1000 Families Study, a UK multiwave cohort investigating the well-being of families of children with intellectual disabilities: cohort profile

Purpose The 1000 Families Study is a large, UK-based, cohort of families of children with intellectual disability (ID). The main use of the cohort data will be to describe and explore correlates of the well-being of families of children with ID, including parents and siblings, using cross-sectional and (eventually) longitudinal analyses. The present cohort profile intends to describe the achieved cohort.

Participants Over 1000 families of UK children with ID aged between 4 and 15 years 11 months (total n=1184) have been recruited. The mean age of the cohort was 9.01 years old. The cohort includes more boys (61.8%) than girls (27.0%; missing 11.1%). Parents reported that 45.5% (n=539) of the children have autism. Most respondents were a female primary caregiver (84.9%), and 78.0% were the biological mother of the cohort child with ID. The largest ethnic group for primary caregivers was White British (78.5%), over half were married and living with their partner (53.3%) and 39.3% were educated to degree level.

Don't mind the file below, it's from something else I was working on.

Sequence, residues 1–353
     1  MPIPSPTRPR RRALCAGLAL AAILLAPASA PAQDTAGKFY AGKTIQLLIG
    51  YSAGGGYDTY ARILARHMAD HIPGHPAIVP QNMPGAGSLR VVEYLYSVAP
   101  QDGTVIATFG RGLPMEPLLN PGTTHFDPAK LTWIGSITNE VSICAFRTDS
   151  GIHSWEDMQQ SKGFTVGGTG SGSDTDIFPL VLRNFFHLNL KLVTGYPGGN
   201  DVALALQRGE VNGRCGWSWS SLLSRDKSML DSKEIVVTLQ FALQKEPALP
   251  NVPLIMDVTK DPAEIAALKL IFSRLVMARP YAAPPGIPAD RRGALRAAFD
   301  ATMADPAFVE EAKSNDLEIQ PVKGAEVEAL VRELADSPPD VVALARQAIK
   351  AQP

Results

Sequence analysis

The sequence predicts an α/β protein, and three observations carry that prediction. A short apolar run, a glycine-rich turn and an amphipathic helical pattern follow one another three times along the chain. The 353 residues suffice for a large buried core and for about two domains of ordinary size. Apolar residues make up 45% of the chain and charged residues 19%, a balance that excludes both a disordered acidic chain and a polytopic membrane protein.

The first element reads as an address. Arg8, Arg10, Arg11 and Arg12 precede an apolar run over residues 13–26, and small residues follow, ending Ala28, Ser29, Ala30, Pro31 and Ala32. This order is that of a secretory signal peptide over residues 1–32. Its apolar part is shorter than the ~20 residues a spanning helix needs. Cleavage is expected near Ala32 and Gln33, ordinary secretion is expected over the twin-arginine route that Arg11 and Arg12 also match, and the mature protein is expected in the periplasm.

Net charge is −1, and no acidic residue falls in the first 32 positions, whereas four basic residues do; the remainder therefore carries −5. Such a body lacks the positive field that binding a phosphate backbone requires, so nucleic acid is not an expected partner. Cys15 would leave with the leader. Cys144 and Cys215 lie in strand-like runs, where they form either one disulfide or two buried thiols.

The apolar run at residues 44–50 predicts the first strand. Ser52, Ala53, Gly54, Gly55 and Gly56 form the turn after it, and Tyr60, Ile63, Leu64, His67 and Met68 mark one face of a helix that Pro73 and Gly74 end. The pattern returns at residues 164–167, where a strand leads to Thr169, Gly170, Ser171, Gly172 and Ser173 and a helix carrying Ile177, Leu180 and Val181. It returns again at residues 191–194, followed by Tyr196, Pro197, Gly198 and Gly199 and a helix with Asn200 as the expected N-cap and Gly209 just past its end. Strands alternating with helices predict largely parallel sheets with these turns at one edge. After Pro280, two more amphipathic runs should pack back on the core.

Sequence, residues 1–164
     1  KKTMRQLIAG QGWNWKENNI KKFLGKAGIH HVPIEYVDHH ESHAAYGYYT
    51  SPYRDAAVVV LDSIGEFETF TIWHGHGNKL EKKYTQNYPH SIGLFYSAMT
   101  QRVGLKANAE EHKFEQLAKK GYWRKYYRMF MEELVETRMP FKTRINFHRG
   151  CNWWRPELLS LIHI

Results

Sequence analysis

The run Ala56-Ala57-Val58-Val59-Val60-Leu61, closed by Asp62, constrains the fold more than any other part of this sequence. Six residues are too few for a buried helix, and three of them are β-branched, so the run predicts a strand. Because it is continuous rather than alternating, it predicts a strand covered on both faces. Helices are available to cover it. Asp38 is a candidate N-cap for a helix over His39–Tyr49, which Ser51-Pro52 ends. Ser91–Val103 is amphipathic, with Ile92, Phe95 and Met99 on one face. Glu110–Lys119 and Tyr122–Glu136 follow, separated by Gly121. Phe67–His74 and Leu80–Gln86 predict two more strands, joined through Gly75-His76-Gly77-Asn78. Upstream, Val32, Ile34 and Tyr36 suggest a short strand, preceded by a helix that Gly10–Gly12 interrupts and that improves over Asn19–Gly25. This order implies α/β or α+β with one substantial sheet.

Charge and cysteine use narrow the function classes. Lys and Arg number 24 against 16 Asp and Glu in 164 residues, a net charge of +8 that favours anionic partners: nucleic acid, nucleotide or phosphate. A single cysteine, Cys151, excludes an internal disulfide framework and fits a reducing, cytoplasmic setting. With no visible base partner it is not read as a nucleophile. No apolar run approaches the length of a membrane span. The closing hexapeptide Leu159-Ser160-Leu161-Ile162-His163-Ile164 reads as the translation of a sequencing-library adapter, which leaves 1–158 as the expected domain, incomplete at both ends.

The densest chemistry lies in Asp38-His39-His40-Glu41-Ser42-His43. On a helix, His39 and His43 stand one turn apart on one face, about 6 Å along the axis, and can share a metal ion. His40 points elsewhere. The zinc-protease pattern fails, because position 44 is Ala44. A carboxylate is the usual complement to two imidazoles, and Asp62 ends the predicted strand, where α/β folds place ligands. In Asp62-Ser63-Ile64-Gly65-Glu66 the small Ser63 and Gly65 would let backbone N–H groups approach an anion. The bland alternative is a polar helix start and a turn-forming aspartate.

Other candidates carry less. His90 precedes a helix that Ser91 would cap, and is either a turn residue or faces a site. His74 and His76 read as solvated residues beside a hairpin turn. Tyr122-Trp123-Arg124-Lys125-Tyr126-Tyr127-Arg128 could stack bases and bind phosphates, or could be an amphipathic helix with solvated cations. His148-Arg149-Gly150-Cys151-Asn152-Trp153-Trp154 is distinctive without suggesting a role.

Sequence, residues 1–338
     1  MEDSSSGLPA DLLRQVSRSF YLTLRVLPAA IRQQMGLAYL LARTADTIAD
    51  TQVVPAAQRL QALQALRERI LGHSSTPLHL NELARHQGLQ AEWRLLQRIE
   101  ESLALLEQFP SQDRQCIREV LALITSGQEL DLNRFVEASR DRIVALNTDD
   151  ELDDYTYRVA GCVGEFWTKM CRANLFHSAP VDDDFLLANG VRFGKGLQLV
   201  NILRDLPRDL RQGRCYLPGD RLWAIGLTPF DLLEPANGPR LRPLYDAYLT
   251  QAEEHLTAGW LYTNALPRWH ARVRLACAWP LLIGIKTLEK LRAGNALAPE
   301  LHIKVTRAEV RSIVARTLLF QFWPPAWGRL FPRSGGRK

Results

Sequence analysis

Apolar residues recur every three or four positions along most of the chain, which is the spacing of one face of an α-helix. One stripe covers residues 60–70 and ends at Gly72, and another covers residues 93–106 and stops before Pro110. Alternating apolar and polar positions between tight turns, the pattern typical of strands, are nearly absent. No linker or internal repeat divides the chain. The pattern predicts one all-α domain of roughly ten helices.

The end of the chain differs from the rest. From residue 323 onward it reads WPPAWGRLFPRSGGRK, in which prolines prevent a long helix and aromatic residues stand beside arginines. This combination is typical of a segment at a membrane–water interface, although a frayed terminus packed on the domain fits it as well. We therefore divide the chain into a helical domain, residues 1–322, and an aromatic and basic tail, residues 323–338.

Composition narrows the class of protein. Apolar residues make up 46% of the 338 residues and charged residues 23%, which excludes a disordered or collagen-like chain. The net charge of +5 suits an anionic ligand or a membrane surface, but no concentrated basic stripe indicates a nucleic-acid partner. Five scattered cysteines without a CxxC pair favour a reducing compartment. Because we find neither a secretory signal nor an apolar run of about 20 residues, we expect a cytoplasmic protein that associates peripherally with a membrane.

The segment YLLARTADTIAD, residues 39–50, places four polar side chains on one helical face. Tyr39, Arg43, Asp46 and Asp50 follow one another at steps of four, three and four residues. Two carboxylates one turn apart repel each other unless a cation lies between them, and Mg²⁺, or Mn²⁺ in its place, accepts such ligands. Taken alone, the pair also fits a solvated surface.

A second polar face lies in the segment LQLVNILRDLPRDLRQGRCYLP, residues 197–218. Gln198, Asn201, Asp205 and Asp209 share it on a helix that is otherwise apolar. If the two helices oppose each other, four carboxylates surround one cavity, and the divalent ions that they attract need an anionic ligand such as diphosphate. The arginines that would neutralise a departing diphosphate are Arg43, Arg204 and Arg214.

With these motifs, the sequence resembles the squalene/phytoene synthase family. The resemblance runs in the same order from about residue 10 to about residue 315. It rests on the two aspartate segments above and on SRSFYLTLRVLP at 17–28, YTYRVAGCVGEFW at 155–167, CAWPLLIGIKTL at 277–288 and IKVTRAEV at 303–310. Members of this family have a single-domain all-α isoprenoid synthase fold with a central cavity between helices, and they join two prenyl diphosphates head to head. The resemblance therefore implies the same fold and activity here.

Findings to date Data were collected on family, parental and child well-being, as well as demographic information. Wave 1 data collection took place between November 2015 and January 2017, primarily through online questionnaires. Telephone interviews were also completed by 644 primary caregivers.

Future plans Wave 2 data collection is ongoing and the research team will continue following up these families in subsequent waves, subject to funding availability. Results will be used to inform policy and practice on family and child well-being in families of children with ID. As this cohort profile aims to describe the cohort, future publications will explore relevant research questions and report key findings related to family well-being.


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